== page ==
Think about that the next time you encounter chaff meant to distract you; things like immigrants taking your jobs, Sharia Law, Hillary’s sins, Obama’s birth certificate or just plain satanic liberal agendas.

Although they may evoking sufficient media interest that worsens with public gullibility, they are still not credible topics worthy of attention. Aren’t there more important things upon which your anti-aircraft missiles and anti-submarine torpedoes ought to remain focused, locked and loaded?

Partisan manipulators are not geniuses. Their strongest attribute is cunning combined with a willingness to try anything that might work.

Working to think one or two steps ahead of them is hard but not impossible. The benefits are enormous – the ability to ignore nonsense while closing in on the underbelly itself.

There are intelligent ways to sort out flying bullshit when it fills the breeze around you. Those who thrive on un-original thinking – in effect attempting to be seen credibly by copying and pasting their way to glory – for the most part break one or several of the following when trying to be seen as persuasive.

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Should we continue to look the other way and pretend that reality shows, serial killers, dancing contests and comic book television and movies are more important? Is it not a false notion that truth omitted from our most prominent broadcasters must not be relevant if they are not talking about it?

Do we let spin doctors and propagandists encourage us to ignore things that should arouse in us the most intense indignation one can imagine – an indignation that we as a people truly did not authorize a president to do?

Is the president once again going to continue to try to fool most of the people most of the time?

Only the sleepiest among us believe fair and balanced campaigns from Foxy liars are going to lead to a fair expression of what should be done about Iran that’s in the best interest of corporate America.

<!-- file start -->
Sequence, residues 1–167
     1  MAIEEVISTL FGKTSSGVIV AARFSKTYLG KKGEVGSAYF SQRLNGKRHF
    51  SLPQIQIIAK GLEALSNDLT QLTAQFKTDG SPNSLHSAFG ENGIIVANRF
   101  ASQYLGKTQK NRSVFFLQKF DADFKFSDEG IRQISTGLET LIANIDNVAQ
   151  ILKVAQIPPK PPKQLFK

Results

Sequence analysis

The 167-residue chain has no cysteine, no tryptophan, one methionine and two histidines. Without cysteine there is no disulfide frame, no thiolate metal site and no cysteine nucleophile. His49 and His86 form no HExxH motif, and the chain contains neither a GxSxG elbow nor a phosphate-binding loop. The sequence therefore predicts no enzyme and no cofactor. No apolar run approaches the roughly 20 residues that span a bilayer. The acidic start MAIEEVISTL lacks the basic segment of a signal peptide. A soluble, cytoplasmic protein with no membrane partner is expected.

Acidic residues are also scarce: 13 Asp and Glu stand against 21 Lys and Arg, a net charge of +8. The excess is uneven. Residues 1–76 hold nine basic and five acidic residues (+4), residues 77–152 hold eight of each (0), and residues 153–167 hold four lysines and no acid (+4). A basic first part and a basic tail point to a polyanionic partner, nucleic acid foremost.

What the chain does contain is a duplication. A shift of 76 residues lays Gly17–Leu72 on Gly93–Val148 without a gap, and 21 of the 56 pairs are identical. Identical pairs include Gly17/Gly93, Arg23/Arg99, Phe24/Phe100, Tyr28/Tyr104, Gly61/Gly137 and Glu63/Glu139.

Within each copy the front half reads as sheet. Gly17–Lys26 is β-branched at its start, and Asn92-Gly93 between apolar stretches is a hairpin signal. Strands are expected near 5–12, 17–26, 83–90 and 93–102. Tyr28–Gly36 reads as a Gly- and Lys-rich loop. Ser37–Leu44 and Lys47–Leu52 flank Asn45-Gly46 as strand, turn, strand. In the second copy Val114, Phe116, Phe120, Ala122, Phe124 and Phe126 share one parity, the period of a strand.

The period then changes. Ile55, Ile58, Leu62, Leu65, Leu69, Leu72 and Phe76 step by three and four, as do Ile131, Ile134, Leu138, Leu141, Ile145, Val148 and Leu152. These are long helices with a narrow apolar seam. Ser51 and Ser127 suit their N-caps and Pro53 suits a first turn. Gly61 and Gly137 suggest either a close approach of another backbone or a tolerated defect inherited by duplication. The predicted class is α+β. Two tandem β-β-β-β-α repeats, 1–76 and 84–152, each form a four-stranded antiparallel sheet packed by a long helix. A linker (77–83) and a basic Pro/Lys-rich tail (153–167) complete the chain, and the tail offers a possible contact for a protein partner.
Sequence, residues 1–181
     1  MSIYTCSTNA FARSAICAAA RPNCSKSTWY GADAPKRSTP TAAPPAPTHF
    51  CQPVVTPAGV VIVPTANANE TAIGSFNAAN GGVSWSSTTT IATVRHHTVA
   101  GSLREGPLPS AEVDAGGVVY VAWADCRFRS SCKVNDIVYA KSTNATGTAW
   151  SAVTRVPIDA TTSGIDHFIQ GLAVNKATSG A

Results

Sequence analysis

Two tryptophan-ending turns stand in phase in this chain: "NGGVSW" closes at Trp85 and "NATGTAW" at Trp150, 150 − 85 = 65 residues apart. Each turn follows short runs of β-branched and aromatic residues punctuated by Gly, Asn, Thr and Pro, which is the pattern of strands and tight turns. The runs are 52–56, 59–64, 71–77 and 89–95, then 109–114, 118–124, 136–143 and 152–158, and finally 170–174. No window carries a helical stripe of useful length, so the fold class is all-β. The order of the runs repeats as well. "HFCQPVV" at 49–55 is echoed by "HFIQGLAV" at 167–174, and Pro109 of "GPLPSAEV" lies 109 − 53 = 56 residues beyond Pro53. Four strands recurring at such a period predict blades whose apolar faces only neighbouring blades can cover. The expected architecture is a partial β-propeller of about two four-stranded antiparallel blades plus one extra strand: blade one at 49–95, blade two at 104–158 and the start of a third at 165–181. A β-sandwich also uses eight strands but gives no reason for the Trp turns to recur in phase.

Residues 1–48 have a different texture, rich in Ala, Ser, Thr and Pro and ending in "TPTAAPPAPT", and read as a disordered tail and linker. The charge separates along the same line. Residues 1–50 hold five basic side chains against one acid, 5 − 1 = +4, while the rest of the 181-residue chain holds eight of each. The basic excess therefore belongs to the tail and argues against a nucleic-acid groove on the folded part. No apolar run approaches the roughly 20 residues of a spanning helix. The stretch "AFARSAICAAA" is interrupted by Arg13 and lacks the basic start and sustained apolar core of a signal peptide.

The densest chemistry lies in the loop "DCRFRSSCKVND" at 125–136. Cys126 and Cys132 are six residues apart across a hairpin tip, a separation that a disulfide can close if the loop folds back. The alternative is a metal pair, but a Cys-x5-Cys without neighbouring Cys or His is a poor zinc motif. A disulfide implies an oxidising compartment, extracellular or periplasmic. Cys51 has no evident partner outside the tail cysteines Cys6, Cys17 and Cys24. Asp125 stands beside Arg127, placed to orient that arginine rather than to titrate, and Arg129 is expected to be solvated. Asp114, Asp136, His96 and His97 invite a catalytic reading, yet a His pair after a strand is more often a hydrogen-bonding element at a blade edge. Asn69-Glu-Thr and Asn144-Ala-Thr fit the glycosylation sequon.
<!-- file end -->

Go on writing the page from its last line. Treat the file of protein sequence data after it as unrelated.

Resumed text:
Only the blindest followers of a misunderstood code continue to insist the citizens are not patriotic if they don’t blindly accept the unchallenged political self-interest of its commander-in-chief and his doofus decisions.

Perhaps the sleepiest among us are those who thought they were doing God’s work by voting for the incumbent in 2016.

Why? Because only the most outrageous Christian hypocrites make mountains out of moral molehills at the expense of the heart and compassion of the real teachings of Jesus.

Why do we let these people sell us bridges and worthless stock in pseudo-American ideals that no majority of us ever endorsed?

Why do we robot-like jerk to attention when leadership waves the flag.

But then, maybe worrying about liberals and rumors of Sharia Law ARE significantly more important than the reality we live in.

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You ain’t the only pebble on the beach

When you leave your cosy little corner where most folks either agree with you or, regardless, possess mostly similar understandings of what the world is like, you learn stuff.

Mark Twain wrote in Innocents Abroad an almost precise expression of what was on my mind during most of our recent journey.

“Travel is fatal to prejudice, bigotry, and narrow-mindedness, and many of our people need it sorely on these accounts. Broad, wholesome, charitable views of men and things cannot be acquired by vegetating in one little corner of the earth all one’s lifetime.”

Reach for success friends … motivate yourself by tracking markers … measure what you can brag about … self-help narcissism.

Self-help advice reflects the beliefs and priorities of the era that spawned it.Illustration by Nishant Choksi

New breakdown of the old thinking that has led to a nation of gullibles whose tradition goes way back to the ideas of success formulas leading to a shopping list of hopes all under the guise of an American Dream.

My first recommended mandatory reading of 2018. Your loss if you don’t but if you don’t, by no means walk around thinking you are smart,  hep and keeping up with the in crowd.